6-(Benzylamino)-9-(2-tetrahydrophyranyl)-9H-purine (PBA) promoted production of stolons, branch stolons, branch crowns and daughter plants in ‘Sparkle’ Junebearing and ‘Ozark Beauty’ everbearing strawberries (Fragaria × ananassa Duch.). Gibberellic acid (GA3) induced no promotion on either cultivar. Combinations of PBA and GA3 induced a greater effect on stolon and daughter plant production for ‘Ozark Beauty’ than did PBA alone. Increase in the number of daughter plants was proportional to the number of stolons produced. PBA suppressed rooting of the daughter plants. Addition of GA3 to the foliar treatment did not overcome rooting suppression of PBA.

Free access

Wen-Shaw Chen

The changes in cytokinins and gibberellins in xylem sap of lychee (Litchi chinensis Sonn. cv. Heh yeh) trees were investigated at the stages of leaf expansion, dormant bud (when apical leaves are dropped), 30 days before flower bud formation, flower bud formation, and full bloom of grafted field-grown lychee trees. Also; the diffusible IAA and ABA in diffusate from shoot tips were examined at the successive stages of development. High gibberellin was found in the xylem sap at the stage of leaf expansion. A constant level of IAA was maintained through the five growth stages. At 30 days before flower bud formation, ABA increased dramatically. Concurrently, total cytokinin content increased in the xylem sap, reaching a maximum during flower bud formation and full bloom. Gibberellin content in the xylem sap was at a low level 30 days before flower bud formation and through the stage of flower bud formation.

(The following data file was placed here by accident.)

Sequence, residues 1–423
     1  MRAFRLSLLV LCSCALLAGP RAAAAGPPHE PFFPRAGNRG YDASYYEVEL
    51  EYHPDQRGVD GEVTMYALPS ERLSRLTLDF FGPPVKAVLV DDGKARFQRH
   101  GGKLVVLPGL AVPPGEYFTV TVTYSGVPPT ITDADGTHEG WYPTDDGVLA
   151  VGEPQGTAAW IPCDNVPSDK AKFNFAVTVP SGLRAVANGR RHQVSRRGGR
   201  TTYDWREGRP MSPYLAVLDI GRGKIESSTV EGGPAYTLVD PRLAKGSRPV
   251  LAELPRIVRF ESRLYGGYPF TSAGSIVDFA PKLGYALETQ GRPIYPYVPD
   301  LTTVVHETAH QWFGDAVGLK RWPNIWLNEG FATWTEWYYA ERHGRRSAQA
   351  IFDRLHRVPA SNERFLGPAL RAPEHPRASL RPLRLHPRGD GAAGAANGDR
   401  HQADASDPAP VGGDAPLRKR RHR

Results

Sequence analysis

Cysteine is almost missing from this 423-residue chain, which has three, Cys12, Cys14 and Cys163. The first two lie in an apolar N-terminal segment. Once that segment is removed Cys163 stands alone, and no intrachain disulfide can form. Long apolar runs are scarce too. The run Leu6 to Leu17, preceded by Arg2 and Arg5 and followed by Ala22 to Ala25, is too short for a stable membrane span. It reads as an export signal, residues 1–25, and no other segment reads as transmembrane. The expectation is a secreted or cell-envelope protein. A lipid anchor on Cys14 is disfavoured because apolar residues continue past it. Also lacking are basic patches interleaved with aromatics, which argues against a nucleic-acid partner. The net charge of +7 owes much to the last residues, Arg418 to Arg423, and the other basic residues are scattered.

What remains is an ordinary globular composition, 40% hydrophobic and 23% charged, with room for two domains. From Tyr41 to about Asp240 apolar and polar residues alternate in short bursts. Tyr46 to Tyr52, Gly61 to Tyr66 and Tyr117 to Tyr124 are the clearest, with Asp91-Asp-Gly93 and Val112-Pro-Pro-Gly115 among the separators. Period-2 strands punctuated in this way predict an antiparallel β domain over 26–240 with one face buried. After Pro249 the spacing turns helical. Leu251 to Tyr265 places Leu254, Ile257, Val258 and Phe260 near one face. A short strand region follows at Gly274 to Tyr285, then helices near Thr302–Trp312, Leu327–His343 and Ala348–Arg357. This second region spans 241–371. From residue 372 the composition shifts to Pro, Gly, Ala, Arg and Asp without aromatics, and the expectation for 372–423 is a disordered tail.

Free access

Yin-Tung Wang

Foliar application of 500 or 1000 mg BA or PBA/liter to stock plants of golden pothos [Epipremnum aureum (Linden & Andre) Bunt.] induced axillary bud elongation but did not promote growth of cuttings taken from these stock plants. Cuttings from plants treated with BA + GA4+7, each at 1000 mg·liter-1, died. Plants grown under 1000 μmol·s-1·m-2 had more but smaller leaves than those under 420 μmol·s-1·m-2. Cuttings produced under the higher light level grew more rapidly. Leaf area increased while stem length decreased as Osmocote slow-release fertilizer (18N-2.6P-10K) increased from 4 to 16 kg·m-3. A 24N-3.5P-13.3K water-soluble fertilizer applied at the rate of 0.42 g/500 ml weekly produced the best plants and resulted in the best cutting growth. Cuttings taken from stock plants receiving Osmocote at 4 kg·m-3 grew slower than those produced at other rates. Placement of cuttings in a mist-propagation bed for 1 or more weeks resulted in an accelerated growth rate relative to nonmisted cuttings. Chemical names used: N-(phenylmethyl)-1H-purin-6-amine (BA); N-(phenylmethyl)-9-(tetrahydro-2H-pyran-2-yl)-9H-purin-6-amine (PBA); (1α,2β,4aα,10β) 2,4a,7-trihydroxy-l-methyl-8-methylenegibb-3-ene-1,10-dicarboxylic acid l,-4a-lactone (GA4+7).

Open access

T. L. Gilbertson-Ferriss, M. L. Brenner, and H. F. Wilkins

Abstract